The results from the English council elections are in. Big losses for the Tories, gains for Labour from the disaster of the last local elections, but still trailing badly. The Lib Dems, who always used to claim to be the party of local government, took a beating.
The big story is UKIP, formerly called “clowns” by other politicians, on 23% by the latest figure from the BBC, not far behind the Tories’ 25% and easily ahead of the Liberal Democrats, on 14%.
The Tories, the Lib Dems, the BBC, everyone wants to talk about the election being a protest vote about immigration, about the economy. The Tory spokesman says they got the message, they need to be helping working people, getting the economy going.
There may be a lot of factors behind the rise of a party from almost nothing to 23% in just a few years time. One is that the main parties left some voters nowhere else to go.
If you oppose homosexual “marriage” and think it is important, you had no choice. There was nowhere else to go for your message to be heard. The Conservatives, Labour, and Liberal Democrats, all the main parties, had told you they oppose your beliefs, that they think you are a bigot. If the churches disagree, the churches need to change, they said.
Messages were sent to the parties. Messages were not received.
20/8/2012 Churchgoers set to ditch Tories.
Nearly 60 per cent of churchgoers say they are less likely to vote for the Conservatives at the next General Election because of the party’s bid to redefine marriage, according to a new poll.
Labour and the Liberal Democrats are also set to be abandoned by churchgoers at the ballot box over the issue, but the biggest impact is likely to be felt by the Conservatives.
Where could they go? The Greens were no different. The only party big enough to be noticed that wasn’t pushing homosexual marriage was UKIP.
It wasn’t just churchgoers, either.
And overall, 62 per cent of voters say marriage should remain as it is – between a man and a woman. That number rises to 68 per cent amongst Tory voters.
More than half of Labour and Lib Dem voters (58 per cent and 52 per cent respectively) said that marriage should continue to be defined as a “life-long exclusive commitment between a man and a woman”.
Only 23 per cent of voters agree that redefining marriage would help the Tories win the next election, whereas nearly twice as many (40 per cent) disagree.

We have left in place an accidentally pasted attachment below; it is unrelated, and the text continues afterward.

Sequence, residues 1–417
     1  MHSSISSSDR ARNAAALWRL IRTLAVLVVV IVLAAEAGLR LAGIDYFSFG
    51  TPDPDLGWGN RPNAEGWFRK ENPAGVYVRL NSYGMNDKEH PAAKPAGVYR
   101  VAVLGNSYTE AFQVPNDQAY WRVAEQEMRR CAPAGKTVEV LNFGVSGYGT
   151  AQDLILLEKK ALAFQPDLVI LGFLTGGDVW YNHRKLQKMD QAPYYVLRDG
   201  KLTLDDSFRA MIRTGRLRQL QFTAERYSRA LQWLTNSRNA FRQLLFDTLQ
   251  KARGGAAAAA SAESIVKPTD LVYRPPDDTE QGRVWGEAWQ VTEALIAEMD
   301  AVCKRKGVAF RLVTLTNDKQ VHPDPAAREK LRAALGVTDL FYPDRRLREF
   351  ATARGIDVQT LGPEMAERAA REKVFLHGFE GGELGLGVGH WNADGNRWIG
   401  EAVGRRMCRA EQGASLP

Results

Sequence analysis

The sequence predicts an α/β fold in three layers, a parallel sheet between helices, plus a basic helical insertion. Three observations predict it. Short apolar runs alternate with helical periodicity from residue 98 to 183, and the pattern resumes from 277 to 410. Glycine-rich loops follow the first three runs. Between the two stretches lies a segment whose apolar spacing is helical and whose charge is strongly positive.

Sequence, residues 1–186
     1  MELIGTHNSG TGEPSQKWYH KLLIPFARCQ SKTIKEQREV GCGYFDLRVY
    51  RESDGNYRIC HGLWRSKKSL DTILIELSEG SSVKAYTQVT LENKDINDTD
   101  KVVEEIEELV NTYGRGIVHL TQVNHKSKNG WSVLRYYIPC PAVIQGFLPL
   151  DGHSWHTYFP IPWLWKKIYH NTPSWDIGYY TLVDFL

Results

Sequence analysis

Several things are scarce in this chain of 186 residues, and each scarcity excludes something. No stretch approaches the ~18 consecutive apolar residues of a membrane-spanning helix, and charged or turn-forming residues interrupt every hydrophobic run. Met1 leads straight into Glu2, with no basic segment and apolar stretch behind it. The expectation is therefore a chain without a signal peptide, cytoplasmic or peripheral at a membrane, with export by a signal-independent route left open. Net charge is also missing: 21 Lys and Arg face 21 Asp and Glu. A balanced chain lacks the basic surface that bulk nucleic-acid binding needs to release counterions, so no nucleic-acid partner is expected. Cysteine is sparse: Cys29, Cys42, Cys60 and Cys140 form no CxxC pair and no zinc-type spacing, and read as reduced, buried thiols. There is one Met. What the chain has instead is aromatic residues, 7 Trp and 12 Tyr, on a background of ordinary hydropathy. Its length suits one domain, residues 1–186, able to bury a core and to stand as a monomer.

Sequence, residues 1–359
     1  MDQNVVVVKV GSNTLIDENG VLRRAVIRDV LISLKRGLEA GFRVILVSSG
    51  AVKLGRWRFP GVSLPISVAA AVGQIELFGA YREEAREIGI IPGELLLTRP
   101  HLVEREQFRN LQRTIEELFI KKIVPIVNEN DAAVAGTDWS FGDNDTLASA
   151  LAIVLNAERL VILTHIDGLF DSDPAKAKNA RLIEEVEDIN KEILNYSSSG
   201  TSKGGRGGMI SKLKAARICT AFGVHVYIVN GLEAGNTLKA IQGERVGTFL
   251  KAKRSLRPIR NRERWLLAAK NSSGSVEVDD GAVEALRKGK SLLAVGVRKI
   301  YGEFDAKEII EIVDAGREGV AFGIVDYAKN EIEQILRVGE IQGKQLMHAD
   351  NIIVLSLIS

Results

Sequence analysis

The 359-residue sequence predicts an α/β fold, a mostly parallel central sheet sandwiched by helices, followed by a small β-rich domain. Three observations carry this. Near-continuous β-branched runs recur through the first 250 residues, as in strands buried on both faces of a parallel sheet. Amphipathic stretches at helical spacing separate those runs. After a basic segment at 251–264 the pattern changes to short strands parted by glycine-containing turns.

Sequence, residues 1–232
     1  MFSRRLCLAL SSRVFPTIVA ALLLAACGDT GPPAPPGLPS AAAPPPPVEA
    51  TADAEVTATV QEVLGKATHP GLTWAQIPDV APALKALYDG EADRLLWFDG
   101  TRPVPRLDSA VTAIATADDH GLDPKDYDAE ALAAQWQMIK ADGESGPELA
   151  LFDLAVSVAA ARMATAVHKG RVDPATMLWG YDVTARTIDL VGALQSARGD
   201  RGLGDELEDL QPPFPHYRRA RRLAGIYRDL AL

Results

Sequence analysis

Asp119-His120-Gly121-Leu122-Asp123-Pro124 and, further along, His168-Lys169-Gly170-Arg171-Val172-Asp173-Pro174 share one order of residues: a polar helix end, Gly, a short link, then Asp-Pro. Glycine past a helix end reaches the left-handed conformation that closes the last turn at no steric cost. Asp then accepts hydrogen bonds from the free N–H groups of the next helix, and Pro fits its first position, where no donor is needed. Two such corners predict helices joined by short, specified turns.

The majority of voters for each main party opposed homosexual marriage — but the politicians pushed on. How much of the UKIP vote was from those who felt they had no nowhere else to go, who couldn’t support a party helping to push through homosexual marriage?
Christians (and others opposed to homosexual marriage) may not like all the policies of UKIP, or trust the party and its leaders. But every other party made it clear — if you elect them, they will mock what you believe, and endorse what God calls an abomination. Some decided they had nowhere else to go with their vote. They have been warning the politicians, writing to MPs. No one should be surprised.
The BBC will be the last to tell us that opposition to gay marriage had anything to do with the results. Instead, we’ll get commentary like this:
The people have spoken. Now it’s time for the political classes to try to work out what on earth they meant.
Maybe. But when the main parties all ignore what their own voters were telling them, it is hardly surprising that the one party with a different policy saw significant gains. Sometimes, if you have been given nowhere else to go, you might decide those “clowns” aren’t so silly after all.
Will Scottish political parties pay attention, or will they hand voters to the UKIP as well? Christians are very far from a majority in the UK, but those who take Scripture seriously are unlikely to support a party that is disrespectful to their beliefs, and that group of voters is big enough to have an impact. If you, as a Christian, cannot support a party that is pushing for gay marriage, you might do well to inform the party for whom you would normally vote that you’ll be following the pattern they just saw in England.
The Scripture doesn’t tell us how to vote, because the privilege of being able to have any real say in government is not something most Christians, down through the centuries, have enjoyed. All we can do is try to apply Biblical principles to our decisions — principles like this one:
Woe unto them that call evil good, and good evil; that put darkness for light, and light for darkness; that put bitter for sweet, and sweet for bitter!
Those that want to affirm homosexuality as a good thing are calling evil good. It is easy to see why many Christians would not want to support those who are doing so.